It is less than five months until every condo tower and apartment building in the Lower Mainland has to have a way for residents to separate their food waste from regular garbage. That is going to be tough for the nearly one million residents of those buildings, the region’s enthusiastic recyclers admit as they get ready for the ban on organics in Metro Vancouver landfills in 2015.

Recycling rates for relatively easy things such as cans and bottles in multifamily buildings are about a third of what they are in houses or duplexes – 15 per cent compared with 44. Recycling messy food scraps is likely to be even more challenging because of the need to squeeze yet another bin into close-packed buildings, people’s fears about attracting rats and some general apathy. But city engineers, mayors, advocates and even condo residents say they are going all-out to do what they can. “It’s going to take some time. We know there’s going to be some really significant challenges,” said Vancouver’s solid-waste director, Albert Shamess.

The city has 5,800 multifamily buildings whose strata councils or managers will need to work out where to fit a green bin, how to get residents to participate and how to make sure their private waste hauler is ready to pick it up. A few older buildings in the region will be exempted because it is physically too difficult to separate food waste. But most will be affected by the ban, which could bring higher fees for their waste haulage if too much food ends up in their regular garbage.

Mr. Shamess’s department is working with the region’s apartment-owner and condo-owner associations to get the message out. Staff are also offering to provide private haulers with the little green bins for people’s counters and offering flexibility so that haulers can pick up multiple times a week if necessary.

Port Coquitlam is taking an even more hands-on approach. Mayor Greg Moore, head of the region’s zero-waste committee and a fierce devotee of recycling, said staff are visiting each building to talk to residents about the change. “No building’s the same, so that helps,” he said. And one non-profit group is working with a dozen Vancouver condos and apartment buildings to figure out the best approach to getting everyone on the bandwagon. “We’re looking at how are we going to get from the keeners to critical mass,” said Murray Mollard, one of the people leading Vancouver Trash Talk, which is funded by Vancity Credit Union, the City of Vancouver and TD Friends of the Environment Foundation. He said everyone’s first concern is that the bins will attract rats or other pests. He said that has not happened in the buildings his group is working with. And he emphasizes that garbage has always contained food scraps.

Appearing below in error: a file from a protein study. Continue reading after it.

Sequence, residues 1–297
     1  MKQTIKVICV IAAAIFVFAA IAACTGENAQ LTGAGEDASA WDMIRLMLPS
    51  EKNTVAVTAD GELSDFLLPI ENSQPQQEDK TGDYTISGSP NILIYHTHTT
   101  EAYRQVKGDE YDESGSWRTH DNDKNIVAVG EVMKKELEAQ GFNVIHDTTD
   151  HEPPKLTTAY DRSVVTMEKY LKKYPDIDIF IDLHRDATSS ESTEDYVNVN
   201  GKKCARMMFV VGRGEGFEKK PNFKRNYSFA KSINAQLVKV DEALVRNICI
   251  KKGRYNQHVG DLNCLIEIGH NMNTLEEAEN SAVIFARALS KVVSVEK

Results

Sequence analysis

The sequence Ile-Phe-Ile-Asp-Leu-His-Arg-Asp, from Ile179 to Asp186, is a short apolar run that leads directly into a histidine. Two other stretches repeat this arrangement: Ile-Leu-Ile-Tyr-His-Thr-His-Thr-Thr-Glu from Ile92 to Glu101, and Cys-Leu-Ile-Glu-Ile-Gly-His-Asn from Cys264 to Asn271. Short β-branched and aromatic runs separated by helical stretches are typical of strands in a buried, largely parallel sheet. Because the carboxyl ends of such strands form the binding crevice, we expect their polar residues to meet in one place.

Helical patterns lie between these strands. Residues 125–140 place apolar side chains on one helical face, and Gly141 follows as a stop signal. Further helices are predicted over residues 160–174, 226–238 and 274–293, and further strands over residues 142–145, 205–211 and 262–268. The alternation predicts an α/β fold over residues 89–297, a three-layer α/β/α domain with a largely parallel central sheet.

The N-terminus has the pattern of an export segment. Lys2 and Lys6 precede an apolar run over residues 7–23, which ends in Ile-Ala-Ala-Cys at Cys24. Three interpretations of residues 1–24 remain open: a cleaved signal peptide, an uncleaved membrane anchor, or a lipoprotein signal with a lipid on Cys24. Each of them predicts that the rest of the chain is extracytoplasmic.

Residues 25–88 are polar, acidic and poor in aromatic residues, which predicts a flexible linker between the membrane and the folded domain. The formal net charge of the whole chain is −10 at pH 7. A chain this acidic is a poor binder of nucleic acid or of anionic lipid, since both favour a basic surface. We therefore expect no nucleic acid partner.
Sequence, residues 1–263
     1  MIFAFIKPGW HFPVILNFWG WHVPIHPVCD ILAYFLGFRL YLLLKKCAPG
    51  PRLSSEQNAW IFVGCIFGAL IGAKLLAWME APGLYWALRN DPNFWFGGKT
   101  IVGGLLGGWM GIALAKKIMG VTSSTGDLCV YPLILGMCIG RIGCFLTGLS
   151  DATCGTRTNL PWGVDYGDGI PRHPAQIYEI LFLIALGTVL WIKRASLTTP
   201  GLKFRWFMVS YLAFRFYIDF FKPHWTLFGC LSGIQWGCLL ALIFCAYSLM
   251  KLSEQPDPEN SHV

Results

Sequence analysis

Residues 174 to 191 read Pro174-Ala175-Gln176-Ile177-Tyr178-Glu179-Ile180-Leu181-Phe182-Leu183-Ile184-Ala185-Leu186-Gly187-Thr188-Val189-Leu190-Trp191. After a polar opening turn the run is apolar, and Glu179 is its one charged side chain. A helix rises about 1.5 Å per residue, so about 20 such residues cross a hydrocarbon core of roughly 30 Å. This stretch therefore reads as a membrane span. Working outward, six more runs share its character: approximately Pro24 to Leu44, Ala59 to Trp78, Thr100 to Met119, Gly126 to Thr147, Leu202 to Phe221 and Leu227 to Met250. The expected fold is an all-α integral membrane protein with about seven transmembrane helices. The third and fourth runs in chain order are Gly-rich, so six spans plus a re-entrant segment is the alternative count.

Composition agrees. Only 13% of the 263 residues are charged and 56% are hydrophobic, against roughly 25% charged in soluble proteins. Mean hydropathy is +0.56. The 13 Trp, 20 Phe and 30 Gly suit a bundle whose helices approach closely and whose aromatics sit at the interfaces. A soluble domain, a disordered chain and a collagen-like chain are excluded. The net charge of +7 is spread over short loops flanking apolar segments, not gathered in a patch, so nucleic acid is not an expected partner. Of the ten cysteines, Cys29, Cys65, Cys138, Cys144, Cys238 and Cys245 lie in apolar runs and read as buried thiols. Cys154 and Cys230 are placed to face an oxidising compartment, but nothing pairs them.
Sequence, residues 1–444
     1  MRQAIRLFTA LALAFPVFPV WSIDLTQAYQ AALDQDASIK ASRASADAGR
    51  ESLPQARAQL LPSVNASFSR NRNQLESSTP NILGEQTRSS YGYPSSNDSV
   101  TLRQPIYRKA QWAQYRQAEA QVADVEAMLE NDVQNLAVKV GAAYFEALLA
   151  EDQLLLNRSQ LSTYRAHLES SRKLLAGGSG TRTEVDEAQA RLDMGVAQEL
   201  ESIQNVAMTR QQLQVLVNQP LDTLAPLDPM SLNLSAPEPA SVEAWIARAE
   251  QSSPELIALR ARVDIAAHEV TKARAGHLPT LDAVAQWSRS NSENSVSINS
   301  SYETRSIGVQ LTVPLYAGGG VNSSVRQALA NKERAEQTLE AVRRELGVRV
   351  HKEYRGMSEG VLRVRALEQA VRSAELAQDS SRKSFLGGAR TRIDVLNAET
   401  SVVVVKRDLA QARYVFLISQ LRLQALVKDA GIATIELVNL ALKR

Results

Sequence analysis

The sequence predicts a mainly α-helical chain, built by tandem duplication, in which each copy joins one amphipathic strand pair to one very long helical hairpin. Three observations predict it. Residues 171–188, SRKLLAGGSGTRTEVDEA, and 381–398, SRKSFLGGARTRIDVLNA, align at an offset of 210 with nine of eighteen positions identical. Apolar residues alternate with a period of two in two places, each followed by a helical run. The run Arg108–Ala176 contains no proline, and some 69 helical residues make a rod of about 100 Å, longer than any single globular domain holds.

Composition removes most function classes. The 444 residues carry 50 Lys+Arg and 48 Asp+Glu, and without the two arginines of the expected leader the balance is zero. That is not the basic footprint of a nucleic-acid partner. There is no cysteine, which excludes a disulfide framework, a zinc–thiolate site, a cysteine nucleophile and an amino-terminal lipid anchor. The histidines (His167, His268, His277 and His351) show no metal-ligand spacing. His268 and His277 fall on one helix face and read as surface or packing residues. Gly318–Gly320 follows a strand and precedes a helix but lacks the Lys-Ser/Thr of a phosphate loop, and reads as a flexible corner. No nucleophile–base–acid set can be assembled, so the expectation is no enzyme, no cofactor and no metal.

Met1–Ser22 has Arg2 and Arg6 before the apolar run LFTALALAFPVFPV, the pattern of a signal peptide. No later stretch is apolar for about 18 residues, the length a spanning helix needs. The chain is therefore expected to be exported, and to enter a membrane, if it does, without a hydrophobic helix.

Mr. Mollard said people must also be educated to keep non-organics out of their food-scraps bin. (A surprising number of people think that a plastic bag with “biodegradable” printed on it is good to go.) And then, there is the space issue, especially for older buildings where owners never envisioned bins for regular paper, newspaper, cans and metal, glass, regular garbage and now food. Sometimes a space must be redesigned, he said. Some buildings have to take a smaller cart that is emptied more often.

Some are surprised to discover they can do with one less cart for regular garbage because so much is now diverted. A Metro Vancouver report says about 40 per cent of garbage, once dry recyclables are pulled out, is food waste. So food recycling could reduce landfill use by tens of thousands of tonnes a year. Several businesses designed to process food scraps into compost or biofuel have set up in the past five years or are in the planning stages.

The ban on organics is supposed to be introduced slowly. In early 2015, waste haulers’ loads will be checked periodically and they will be told how much they would have been fined for having too much food waste in the regular garbage. The real fines will come later and, eventually, be passed on to condo residents through increased fees for waste hauling.

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